Pharma has a long way to go

It’s hard to believe that 2020 is almost over but goodbye and good riddance. I’m hoping a new leader can restore the CDC and FDA’s trust and that the nationwide vaccination problem can proceed, but there are bigger issues. Long after COVID is a bad memory, the pharma industry will still be making more and more mistakes in the name of profits.

I keep talking to pharma old-timers who talk about the “good old days” of working in an industry when sales, and profits, were instrumental in every decision we made. When I look at the industry changes over the last decade, I’ve been reminded that to many; it’s just a business. Personally, I have never felt that way.

To me, it’s been very hard to listen to patients in focus groups talk about MS, depression, and other health issues. When you really listen to these people you get a sense that many of them feel their lives have been taken away from them. The drug industry has done a LOT to help these people but I’m not so naive to believe that the ultimate motive was profits, not patients.

The media loves to pick on pharma companies. Some of it is deserved, but too much is just fanning the flames of anger. Drug prices remain a tiny part of our healthcare spending, yet where the facts about the excess charges, hospitals often charge patients and insurers are? Where are the stories about PBM’s and the profits they make?

Some say “it’s not fair” but fairness has never been part of the media. Our whole healthcare system makes too much money for the player’s patients be damned. I don’t believe that we, as a country, can’t assemble some of the smartest people to develop a new healthcare model that puts patients first and profits well behind.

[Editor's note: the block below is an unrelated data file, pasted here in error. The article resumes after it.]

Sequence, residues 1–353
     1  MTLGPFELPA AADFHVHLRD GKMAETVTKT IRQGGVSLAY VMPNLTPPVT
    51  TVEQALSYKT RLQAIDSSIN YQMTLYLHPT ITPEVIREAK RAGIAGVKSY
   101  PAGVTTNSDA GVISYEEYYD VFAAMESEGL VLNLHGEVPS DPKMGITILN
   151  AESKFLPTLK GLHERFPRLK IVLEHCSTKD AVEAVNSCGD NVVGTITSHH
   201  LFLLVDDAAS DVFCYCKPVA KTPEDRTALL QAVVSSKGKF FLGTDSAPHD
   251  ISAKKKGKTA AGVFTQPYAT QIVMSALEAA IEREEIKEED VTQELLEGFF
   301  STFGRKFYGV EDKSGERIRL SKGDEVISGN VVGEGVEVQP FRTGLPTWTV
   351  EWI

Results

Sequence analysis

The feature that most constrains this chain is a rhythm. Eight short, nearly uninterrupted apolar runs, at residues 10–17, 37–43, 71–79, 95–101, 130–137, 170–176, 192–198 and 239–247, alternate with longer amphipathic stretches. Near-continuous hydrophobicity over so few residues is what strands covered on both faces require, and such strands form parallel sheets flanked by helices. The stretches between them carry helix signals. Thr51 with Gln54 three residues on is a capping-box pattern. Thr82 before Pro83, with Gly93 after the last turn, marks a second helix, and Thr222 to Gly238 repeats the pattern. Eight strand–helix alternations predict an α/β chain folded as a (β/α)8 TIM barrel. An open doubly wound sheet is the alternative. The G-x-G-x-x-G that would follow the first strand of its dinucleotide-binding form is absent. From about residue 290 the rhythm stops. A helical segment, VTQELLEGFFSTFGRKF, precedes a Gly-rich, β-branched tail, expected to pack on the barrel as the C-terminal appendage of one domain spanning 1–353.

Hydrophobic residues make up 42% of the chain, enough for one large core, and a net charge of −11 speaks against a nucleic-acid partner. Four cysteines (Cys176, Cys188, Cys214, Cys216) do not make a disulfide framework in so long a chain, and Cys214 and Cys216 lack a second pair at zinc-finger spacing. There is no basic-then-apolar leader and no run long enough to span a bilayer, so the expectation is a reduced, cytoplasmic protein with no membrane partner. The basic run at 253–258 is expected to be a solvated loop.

If anyone in the industry thinks that changes are imminent, they’re fooling themselves. Millennials are on track to be the most unhealthy generation in our lifetime, and they are going to tax the healthcare system like never before.

The pharma company of the future is not a giant corporation with layers and layers of management; they’re small, nimble organizations that can pivot quickly and help people and HCPs.

Salespeople are becoming less effective and are a huge expense so the future of salespeople is going to be less about numbers and more about adding value to physicians and patients.

Pharma also has to get a handle on expenses. Sending out twelve-inch chocolate cookies to 600 people may seem nice, but the money could be better spent.

Decision making needs to be decentralized within pharma. If you hire the right people and trust them, there is no reason why we need to go through a month’s of meetings to implement small changes in our marketing.

Finally, pharma needs to build in-house expertise in digital marketing and stop relying on agencies. I’m often asked to review some proposals from potential vendors, and too may are way off base while some are laughable. CPG companies are leaving agencies behind and bringing digital marketing expertise in house. Pharma should be doing the same.

Finally pharma companies should unite to fund one separate company that can distribute products to people who can’t afford them. It’s not that hard to do but it shows that patients are more important than sales.

The industry has a long way to go, I know that. I’m trying to be the change I want to see and if it costs me clients then so be it. At the end of the day, I want to know that at least I tried.